Adaptive Multimodal Interfaces
Deb Roy and Alex Pentland
We are developing a human computer interface (HCI) which combines multimodal input processing with machine learning in an interactive environment. The goal is to create an interface which can be taught to understand communicative primitives. In our current work we are focusing on understanding combinations of deictic (pointing) gestures and speech.
A central problem which we address is how a machine can learn words by interacting with a person. We are interested in learning both acoustic models of words and the semantic associations of the words for a constrained domain. Semantics are defined in terms of (possibly complex) associations between human input and appropriate machine actions.
A second related problem which are studying is to learn temporal relations between gestures and speech. For example we expect to learn (possibly person-dependent) temporal relations between the apex of a deictic gesture referring to an object and the word referring to the object embedded in a continuous speech utterance. Learning such temporal relations can then help predict the occurrance of new words or help find salient words from a continuous speech stream.
Learning in the Interface
Traditional HCI interfaces have hard-wired assumptions about how a person will communicate. In a typical speech recognition application the system has some preset vocabulary and (possibly statistical) grammar. For proper operation the user must restrict what she says to words and vocabulary built into the system. However, studies have shown that in practice it is difficult to predict how different user will use available input modalities to express their intents. For example Furnas et. [Furnas] did a series of experiments to see how people would assign keywords for operations in a mock interface. They conclude that:
"There is no one good access term for most objects. The idea of an "obvious", "self-evident,' or "natural" term is a myth! ... Even the best possible name is not very useful...Any keyword system capable of providing a high hit rate for unfamiliar users must let them use words of their won choice for objects."
Our conclusion is that to make effective interfaces there need to be adaptive mechanisms which can learn how individuals use modalities to communicate.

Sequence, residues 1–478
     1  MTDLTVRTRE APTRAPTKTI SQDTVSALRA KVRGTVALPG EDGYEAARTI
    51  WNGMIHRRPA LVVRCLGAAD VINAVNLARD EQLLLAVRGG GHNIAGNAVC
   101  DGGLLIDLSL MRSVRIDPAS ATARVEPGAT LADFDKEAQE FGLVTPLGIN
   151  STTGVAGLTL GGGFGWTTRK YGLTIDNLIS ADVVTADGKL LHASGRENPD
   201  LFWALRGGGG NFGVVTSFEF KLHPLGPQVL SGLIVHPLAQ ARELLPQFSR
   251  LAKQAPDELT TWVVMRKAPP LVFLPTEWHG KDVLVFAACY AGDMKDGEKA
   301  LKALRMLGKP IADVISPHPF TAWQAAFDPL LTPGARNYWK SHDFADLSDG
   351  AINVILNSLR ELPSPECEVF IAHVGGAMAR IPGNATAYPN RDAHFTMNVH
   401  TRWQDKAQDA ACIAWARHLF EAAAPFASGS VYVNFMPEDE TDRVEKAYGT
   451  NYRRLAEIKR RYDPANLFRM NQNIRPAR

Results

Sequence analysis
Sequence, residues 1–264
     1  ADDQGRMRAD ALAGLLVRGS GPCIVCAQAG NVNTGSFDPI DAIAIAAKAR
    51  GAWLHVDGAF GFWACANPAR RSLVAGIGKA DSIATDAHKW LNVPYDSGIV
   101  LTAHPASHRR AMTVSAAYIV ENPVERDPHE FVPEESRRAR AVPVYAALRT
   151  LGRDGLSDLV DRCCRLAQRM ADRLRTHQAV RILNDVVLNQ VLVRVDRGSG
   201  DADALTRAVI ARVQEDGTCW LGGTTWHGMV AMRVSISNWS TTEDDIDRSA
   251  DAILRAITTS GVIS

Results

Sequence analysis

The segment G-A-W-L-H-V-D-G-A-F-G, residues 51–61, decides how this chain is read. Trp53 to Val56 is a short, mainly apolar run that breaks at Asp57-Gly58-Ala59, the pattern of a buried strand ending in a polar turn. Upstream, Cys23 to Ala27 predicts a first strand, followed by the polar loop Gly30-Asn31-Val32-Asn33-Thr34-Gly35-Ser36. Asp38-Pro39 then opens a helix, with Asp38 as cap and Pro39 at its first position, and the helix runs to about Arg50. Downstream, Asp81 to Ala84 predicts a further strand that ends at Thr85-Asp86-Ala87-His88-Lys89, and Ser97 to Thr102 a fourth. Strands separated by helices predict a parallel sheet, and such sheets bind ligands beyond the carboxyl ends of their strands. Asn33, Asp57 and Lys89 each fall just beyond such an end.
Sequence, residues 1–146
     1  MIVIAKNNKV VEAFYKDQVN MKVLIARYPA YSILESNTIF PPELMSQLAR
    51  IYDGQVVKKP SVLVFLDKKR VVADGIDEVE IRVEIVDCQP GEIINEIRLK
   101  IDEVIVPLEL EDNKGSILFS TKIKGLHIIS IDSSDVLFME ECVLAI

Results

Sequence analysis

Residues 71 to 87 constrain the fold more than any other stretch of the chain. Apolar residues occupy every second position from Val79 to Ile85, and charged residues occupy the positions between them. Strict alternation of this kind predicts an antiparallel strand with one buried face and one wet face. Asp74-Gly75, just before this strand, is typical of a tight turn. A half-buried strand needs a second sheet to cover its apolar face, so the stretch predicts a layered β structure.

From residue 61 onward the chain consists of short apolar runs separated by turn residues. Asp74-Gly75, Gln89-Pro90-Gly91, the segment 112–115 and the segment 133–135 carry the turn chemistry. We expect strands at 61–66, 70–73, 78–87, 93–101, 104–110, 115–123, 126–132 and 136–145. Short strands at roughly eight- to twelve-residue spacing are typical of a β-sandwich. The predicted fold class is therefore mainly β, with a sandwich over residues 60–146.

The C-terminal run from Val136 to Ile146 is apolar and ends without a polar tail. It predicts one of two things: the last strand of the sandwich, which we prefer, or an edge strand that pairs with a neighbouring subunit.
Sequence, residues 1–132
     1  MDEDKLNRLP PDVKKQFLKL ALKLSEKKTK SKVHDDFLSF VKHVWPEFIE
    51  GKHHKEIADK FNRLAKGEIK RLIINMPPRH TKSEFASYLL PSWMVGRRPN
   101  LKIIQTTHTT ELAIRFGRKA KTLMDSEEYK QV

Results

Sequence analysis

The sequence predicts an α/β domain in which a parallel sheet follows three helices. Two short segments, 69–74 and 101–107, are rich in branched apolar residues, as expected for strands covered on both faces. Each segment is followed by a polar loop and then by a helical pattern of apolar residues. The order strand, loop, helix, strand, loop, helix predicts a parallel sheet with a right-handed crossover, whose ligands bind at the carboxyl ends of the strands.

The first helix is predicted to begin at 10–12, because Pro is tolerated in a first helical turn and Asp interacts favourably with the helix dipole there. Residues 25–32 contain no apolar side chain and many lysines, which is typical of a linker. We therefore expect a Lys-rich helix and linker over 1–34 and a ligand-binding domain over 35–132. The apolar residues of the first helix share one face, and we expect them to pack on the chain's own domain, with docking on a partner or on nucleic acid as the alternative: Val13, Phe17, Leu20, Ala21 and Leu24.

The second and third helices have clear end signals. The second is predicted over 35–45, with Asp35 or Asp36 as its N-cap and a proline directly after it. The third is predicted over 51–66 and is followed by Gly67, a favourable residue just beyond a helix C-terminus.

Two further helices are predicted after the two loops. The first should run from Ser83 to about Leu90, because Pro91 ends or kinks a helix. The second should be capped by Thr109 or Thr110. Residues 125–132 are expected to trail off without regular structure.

The Current System
The interface is embodied through an animated character (Toco the Toucan) which reacts in real-time to the user's actions. Toco's gaze and facial expressions give the user feedback of what Toco senses. The user sits at a desk which has a large projection screen attached for display of the animated character and objects which can be manipulated in a virtual 3-D world.
The speech processor consists of a recurrent neural network which is used to recognize phonemes from the speech stream. The user currently wear a head-mounted microphone for speech input. The visual processor uses color class based skin tracking to track the user's hands. Triangulation is used to estimate the 3-D position of each hand by combining the hand position estimates from two overhead cameras [Azarbayejani].
The current learning component of the system associates voice labels with objects in Toco's virtual world. The user may get Toco's attention by calling his name. When Toco hears his name (his face and "voice" shows when he is attentive) he is ready to learn new words or respond to learned words. The user can point to an object in the virtual world and name it. Toco generates an HMM model for the word and associates it with the object the user points to. If Toco hears a word without the user pointing to the virtual world, he finds the most similar previously learned acoustic model and then gestures toward the associated object.
We are studying protocols for teaching infants, parrots, and primates language skills as inspirations for the training protocols which will be used to teach Toco. The goal is to make the training process robust, gradual, natural and engaging for the user. We wish to use natural protocols such as pointing to objects when naming them as elements of the training interface.
Some other areas of future work include:
- Statistically modeling temporal relationships between deictic gestures and speech for spatial management tasks
- Incorporating explicit and implicit feedback into the interactive protocol between Toco and the user to facilitate learning
- Creation of a game which user's can play with Toco as a vehicle for data collection
- Transition to continuous speech recognition (the current systems assumes isolated words or phrases)
Ali Azarbayejani, Christopher Wren, Alex Pentland (1996) TR#374: Real-time 3-D tracking of the human body Appears in: Proceedings of IMAGE'COM 96, Bordeaux, France, May 1996
Furnas, G.W. Landauer, T.K. Gomez, L.M and Dumais, S.T. (1987) The vocabulary problem in human-system communications. Communications of the Association for Compuring Machinery, 30, 964-971.
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